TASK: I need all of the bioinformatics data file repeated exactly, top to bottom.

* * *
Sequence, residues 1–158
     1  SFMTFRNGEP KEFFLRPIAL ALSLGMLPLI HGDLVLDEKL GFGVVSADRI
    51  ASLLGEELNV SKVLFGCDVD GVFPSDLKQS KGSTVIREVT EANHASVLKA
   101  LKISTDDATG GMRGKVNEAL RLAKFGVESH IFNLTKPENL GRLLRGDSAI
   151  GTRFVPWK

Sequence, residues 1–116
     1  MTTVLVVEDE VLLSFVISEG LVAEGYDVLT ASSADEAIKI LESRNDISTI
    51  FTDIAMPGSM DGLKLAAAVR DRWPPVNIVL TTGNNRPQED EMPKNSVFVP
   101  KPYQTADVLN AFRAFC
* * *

Sequence, residues 1–158
     1  SFMTFRNGEP KEFFLRPIAL ALSLGMLPLI HGDLVLDEKL GFGVVSADRI
    51  ASLLGEELNV SKVLFGCDVD GVFPSDLKQS KGSTVIREVT EANHASVLKA
   101  LKISTDDATG GMRGKVNEAL RLAKFGVESH IFNLTKPENL GRLLRGDSAI
   151  GTRFVPWK

Sequence, residues 1–116
     1  MTTVLVVEDE VLLSFVISEG LVAEGYDVLT ASSADEAIKI LESRNDISTI
    51  FTDIAMPGSM DGLKLAAAVR DRWPPVNIVL TTGNNRPQED EMPKNSVFVP
   101  KPYQTADVLN AFRAFC